I finally reached that point where the characters are starting to do things I don’t expect them to. I’m not sure if this means I’ve reached a new writing zen or if it’s just another sign that the monkeys now run the circus. Check back next time to see if I’ve figured it out, or if I’ve just gotten more confused!
“Tann. You want to stop for the night?”
I stopped walking and waited for my brother to do the same. I hadn’t noticed it while my legs were still moving, but a weary tingling throbbed in my calves and thighs. It was probably going to turn to a dull ache before the night was through, though if I admitted that to myself or anyone else, I’d also have to admit that I’d been taking it too easy and relying too much on mechanized transportation for the last few months. Somehow, it hurt even more than yesterday, which I had hoped wasn’t going to be possible.
“Tann,” I said again when it looked like he hadn’t heard me. “We’re not going to find them tonight. And I’m tired.”
He took a few more steps but his pace had slowed, and he turned a moment later. “Yeah,” he said. “We can stop.” He sounded tired.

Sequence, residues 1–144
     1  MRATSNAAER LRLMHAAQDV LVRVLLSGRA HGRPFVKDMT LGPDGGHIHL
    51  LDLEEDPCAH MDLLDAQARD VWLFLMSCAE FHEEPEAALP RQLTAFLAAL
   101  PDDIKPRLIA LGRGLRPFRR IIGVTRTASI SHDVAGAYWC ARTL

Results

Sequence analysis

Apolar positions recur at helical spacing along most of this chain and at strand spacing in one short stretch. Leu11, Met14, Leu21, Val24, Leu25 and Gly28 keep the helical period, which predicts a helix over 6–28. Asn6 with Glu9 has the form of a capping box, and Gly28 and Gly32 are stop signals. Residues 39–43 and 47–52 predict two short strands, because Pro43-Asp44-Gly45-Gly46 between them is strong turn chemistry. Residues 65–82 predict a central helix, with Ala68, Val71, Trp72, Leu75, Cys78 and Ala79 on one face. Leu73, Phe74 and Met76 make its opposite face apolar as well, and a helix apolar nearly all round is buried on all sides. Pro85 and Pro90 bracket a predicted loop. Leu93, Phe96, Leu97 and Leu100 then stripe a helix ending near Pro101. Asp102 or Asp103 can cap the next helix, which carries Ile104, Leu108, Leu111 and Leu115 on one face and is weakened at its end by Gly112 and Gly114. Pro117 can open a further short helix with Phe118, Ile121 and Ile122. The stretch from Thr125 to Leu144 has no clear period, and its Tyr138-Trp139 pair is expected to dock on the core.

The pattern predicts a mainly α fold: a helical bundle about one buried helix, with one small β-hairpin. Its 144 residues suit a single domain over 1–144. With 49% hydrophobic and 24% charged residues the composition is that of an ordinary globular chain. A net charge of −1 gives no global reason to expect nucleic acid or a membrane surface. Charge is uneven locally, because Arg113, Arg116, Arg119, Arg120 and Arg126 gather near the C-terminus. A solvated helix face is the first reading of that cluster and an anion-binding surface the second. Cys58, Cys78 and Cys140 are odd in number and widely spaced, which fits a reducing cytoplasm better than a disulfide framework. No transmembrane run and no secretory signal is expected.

“You okay?” I asked.
He shrugged once and nodded. “Yeah. Just tired.”
I narrowed my eyes. “Just tired and also annoyed that this isn’t as easy as you thought it would be?”
“Really?” I asked. “Because I’m pretty sure you thought this was going to go quicker than it is. You were going all white knight and everything.”
“I wasn’t. Come on, Miranda. I’ve been doing this for years. I know how search and rescue jobs go. Probably better than you do, honestly.”
“Yeah,” I said. “You do. And even I know that this is par for the course. So what’s eating you?” I waved my arms more expressively than I needed to. “This is normal!”
“How so?” He was shouting. I was yelling. Our voices echoed off the canyon walls, and any plans we’d had for being subtle were straight up gone.
“The trail is wrong. Too obvious, not natural enough, too old.”
“Seriously, Tanner? They’re a couple of lost treasure hunters, not mob triggermen.”
“We don’t know that.”
I glared at him. “You’re kidding me. Did you drink enough today? Because right now it sounds like you got a little too much sun.”
“I’m fine. And I mean it. This doesn’t make sense. The whole trail is too cold. We should be gaining on them, not just barely keeping pace. It’s like they tried to leave the tracks we expected to see, but they’re moving just as fast as we are. It doesn’t make sense. Tell me I’m wrong.”